Category Archives: resume

Get your CV ready for the #UoCJobsFair

pt-jobs-fair-poster-for-social-media-only

It’s nearly time for the part-time and seasonal jobs fair which is being held at both the Lancaster and Carlisle campuses! So now is the perfect time to have a look at your CV and make sure that it is up-to-date and fit for purpose.

Are you looking for a part-time job to help fund your studies? Want a bit of extra cash for Christmas? There will be loads of local employers at the jobs fairs, and if you can leave them with a copy of your CV it could really help with your job search.

Here are the careers team’s top tips for an effective part-time CV:

CV’s are used to demonstrate to employers what knowledge, learning, skills, competencies and experience you have. An effective CV will not only show your current abilities, but demonstrate the potential you have to be successful in a working environment.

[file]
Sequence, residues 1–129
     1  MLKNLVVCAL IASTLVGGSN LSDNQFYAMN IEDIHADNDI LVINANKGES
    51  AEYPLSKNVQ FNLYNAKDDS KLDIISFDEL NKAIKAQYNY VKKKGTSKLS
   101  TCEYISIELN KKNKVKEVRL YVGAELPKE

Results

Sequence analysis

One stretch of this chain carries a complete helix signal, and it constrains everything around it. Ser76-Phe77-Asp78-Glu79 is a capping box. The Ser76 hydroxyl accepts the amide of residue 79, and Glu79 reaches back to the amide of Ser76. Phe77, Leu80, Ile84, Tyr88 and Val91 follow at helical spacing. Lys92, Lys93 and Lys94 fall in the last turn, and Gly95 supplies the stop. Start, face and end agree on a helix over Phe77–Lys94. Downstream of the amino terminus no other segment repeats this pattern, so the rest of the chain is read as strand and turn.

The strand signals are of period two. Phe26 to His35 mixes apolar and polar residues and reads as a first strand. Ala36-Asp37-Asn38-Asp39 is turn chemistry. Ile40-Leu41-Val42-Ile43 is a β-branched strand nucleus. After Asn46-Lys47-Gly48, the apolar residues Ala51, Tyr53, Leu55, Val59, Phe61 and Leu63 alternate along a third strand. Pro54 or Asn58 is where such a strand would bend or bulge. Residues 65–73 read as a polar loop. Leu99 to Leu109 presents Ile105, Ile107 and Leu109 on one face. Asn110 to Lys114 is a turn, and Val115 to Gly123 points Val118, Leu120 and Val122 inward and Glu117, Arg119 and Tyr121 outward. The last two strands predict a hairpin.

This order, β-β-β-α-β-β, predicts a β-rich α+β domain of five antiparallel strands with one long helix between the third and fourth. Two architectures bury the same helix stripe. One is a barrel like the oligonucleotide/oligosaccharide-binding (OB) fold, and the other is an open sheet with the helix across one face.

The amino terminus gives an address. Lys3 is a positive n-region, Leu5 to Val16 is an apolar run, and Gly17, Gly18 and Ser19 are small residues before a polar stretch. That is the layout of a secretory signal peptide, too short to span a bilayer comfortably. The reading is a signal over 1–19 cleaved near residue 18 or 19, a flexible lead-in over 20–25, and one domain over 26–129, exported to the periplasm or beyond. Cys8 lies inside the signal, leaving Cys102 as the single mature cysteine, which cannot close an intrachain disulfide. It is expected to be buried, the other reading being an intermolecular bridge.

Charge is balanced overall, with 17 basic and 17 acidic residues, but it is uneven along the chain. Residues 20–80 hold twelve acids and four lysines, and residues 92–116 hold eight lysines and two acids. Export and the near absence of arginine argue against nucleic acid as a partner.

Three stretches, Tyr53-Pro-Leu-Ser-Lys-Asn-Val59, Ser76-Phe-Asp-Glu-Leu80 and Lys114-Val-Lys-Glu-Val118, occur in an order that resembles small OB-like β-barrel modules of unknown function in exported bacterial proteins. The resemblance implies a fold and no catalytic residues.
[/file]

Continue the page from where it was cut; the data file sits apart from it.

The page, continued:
How long should a CV be?

Ideally, a CV should be no longer than two sides of A4. CVs that exceed this may not be read to the end or at all. For part time work (during studies), a one page CV is sufficient.

Do I need to include a personal profile?

It’s not essential to produce one, but some may like to use this as an opening introduction. If you do decide to include one it should be only around a couple of lines long and follow immediately after your personal details at the top of your CV.

Personal summaries should introduce who you are, what skills you can offer and generally what you are looking for in your next role.

Do I list work experience or education first?